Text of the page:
Dealing with the impact of that, you’ve done a lot of work and then you have a failing test. But much of the time, most of the time for me at least, I end up with a test that moves a little bit more in the right direction and shows that I have hit on something and, “Well that’s interesting, okay let’s explore that a little bit further.”
[0:39:33.5] LJ: We could talk for three hours on this because it’s fascinating, but wouldn’t it be great if you’ve written a book about it and you have.
[0:39:40.4] ND: Shocking.
[0:39:41.4] LJ: It’s called The AB Testing Manual and I’ve had an advance copy and it’s fascinating. So tell us about the book if we want to learn more about this and where can we get it from.
[0:39:51.4] ND: Yeah, so the book is a part of a whole course actually. So if you go to abtestingmanual.com, it’s a very creative domain name, you can take a look. There are a bunch of components to it. There is five and a half hours of videos that I recorded with my friend, Patrick McKenzie. He developed the first ever AB testing framework for Ruby on Rails and now does content for Atlas at Stripe.
I flew him in from Tokyo and we banged out five and a half hours of amazing actionable video around kind of business and procedural things, kind of things that I am talking about here and then the book itself is I think went 230 pages split between research, actual how to run the AB test, and then what to do with it operationally in your organization and then it comes with all of the checklists and tool kits and everything that I use with my clients.
So if you’re wondering how do I run here a heuristic, buy the AB Testing Manual. How do I set up a project management system so that I can come up with AB Testing ideas and shepherd them through the process, well, I have a Trello board available for you in the AB Testing Manual. You are getting the idea. So I wrote this whole thing, it came out as of this recording like two or three weeks ago and about 400 people have bought it, really liked it so far. It’s been going really well.
[0:41:08.7] LJ: Fantastic, well look just before we go onto the PS question, where else can we find you online, Nick, aside from that?
[0:41:15.1] ND: Draft.nu is my business and abtestingmanual.com is the book. If you want to sign up for — I write a weekly letter to people. I draft.nu/letters and a lot of it is about AB Testing, some of it is other random things such as the best deep dish pizza in Chicago. So if you ever find yourself lying here but yeah, that’s pretty much it.
[0:41:20.3] ANNOUNCER: Wait for it listeners, here comes the PS Question.
[0:41:55.3] LJ: Okay, this is what I call the PS Question. Before you go, could you please share one advanced AB testing tactic that we can use right after the show?
[0:42:04.5] ND: Yes, advanced AB testing tactic? So my recommendation would be if you have a ton of traffic coming into your site, so this is definitely more advanced. If you are getting more than probably like I would say 2,000 transactions every month, run what is called — and this is intermediate to advance. Run what’s called a bandit experiment and it basically uses an algorithm to determine whether or not a variation is converting better or worse and automatically ramps up or down the proportion of traffic that is going in.
So remember when I said that AB testing is 50-50? Not so with a bandit experiment. If your variant performs really, really well all of a sudden it’s going to ramp up to a hundred. Now here’s where it gets advanced, what are the criteria that proposes that ramp up? Like when do we turn off a given variation and give up on it? Bandit algorithms have a varying degree of greediness that you can ascribe to them. So they can be like, “Well we might be sure about this, we’re going to let it go for a little bit longer.” Or they’re just like, “Nope, we’re done”.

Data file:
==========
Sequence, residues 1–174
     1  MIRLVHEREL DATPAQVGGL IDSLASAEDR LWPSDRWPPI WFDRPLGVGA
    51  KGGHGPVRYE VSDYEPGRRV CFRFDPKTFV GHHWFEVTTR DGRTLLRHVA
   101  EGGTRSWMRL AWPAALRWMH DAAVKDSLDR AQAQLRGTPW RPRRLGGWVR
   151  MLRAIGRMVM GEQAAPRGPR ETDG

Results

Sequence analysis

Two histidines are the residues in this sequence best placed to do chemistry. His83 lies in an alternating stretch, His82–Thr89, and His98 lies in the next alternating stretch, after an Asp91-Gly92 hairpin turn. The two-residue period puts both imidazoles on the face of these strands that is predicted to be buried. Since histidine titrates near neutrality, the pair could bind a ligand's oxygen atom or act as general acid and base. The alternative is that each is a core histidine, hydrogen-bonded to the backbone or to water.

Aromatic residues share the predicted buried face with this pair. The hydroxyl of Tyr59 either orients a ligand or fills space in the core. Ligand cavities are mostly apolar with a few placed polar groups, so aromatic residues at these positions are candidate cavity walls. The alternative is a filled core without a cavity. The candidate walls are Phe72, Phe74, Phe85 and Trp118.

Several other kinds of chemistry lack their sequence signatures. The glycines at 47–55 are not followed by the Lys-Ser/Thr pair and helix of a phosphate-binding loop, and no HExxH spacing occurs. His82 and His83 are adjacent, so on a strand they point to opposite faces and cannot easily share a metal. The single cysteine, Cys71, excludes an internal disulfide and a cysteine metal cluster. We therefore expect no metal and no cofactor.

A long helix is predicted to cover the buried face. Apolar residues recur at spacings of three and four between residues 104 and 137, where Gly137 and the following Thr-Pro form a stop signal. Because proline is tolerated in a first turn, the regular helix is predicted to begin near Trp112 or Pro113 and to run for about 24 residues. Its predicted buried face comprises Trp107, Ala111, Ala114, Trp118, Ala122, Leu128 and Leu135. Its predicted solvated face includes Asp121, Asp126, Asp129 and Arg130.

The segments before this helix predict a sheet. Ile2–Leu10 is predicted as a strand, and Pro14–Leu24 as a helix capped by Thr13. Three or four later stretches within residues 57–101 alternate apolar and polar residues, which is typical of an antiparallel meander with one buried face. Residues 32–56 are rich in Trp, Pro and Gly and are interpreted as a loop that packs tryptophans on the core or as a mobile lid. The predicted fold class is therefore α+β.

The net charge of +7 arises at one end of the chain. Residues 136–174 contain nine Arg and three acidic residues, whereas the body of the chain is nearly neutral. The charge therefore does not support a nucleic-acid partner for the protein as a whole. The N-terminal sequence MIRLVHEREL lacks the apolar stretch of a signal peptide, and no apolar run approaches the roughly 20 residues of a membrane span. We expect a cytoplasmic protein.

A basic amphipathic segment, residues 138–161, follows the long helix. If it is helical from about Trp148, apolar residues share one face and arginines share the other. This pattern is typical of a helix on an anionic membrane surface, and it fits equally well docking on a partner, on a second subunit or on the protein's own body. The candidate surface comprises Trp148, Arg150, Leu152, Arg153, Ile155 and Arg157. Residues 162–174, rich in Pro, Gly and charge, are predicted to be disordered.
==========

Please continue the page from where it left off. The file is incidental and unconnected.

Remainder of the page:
If you can take a look at varying degrees of greedy bandit algorithms for your business, setting up a bandit algorithm is easy. Fine tuning it is the much harder thing. You can do this within a week if you have a really wonky data science background. Or you can just put together a bandit test within a day using your normally AB testing framework. There’s usually like a checkbox that they have that’s like wrap it up or down and it’s like, “Okay great. Are you greedy or not? Okay, great there’s your pull down.” That’s something you can do immediately after this show and begin thinking about more advanced intelligent, like artificially intelligent ways to optimize your site.
[0:43:51.3] LJ: And just as a P.P.S. Question if you would, how far wide are we from having an algorithmic AB testing system where we can just literary plug everything in, press a button and it will spit out, you need X, Y, Z to increase your conversions, or is that a long way off?
[0:44:09.6] ND: I bet those already exists in Fortune 500 companies. I bet thinking of very data driven companies like Amazon, Netflix, Facebook, eBay, they all run AB tests all the time and are ramping up or down variations based on this. I bet they’re probably using something with some antecedent machine learning already. I bet it exists.
I think that it’s a matter of that is going to start at the biggest of organizations that have the most amount of traffic. The real question is when it trickles down to me and you listening to this. You probably aren’t in that bucket and I think we’re probably three or four years off from that happening, but I think it’s there and you probably use it day to day. I think it exists.
[0:44:56.9] LJ: Fantastic, well that’s a fascinating interview. Great answers to the P.S. and the P.P.S. question and all that remains for me to say Nick is, thanks very much for your time and I wish you all the best with everything in future.
[0:45:08.9] NB: Thank you so much. It’s an honor. I hope this is helpful.
[0:45:14.0] ANNOUNCER: You’ve been listening to The Content Champion Podcast, available at contentchampion.com and on iTunes. Until next time, thanks for listening.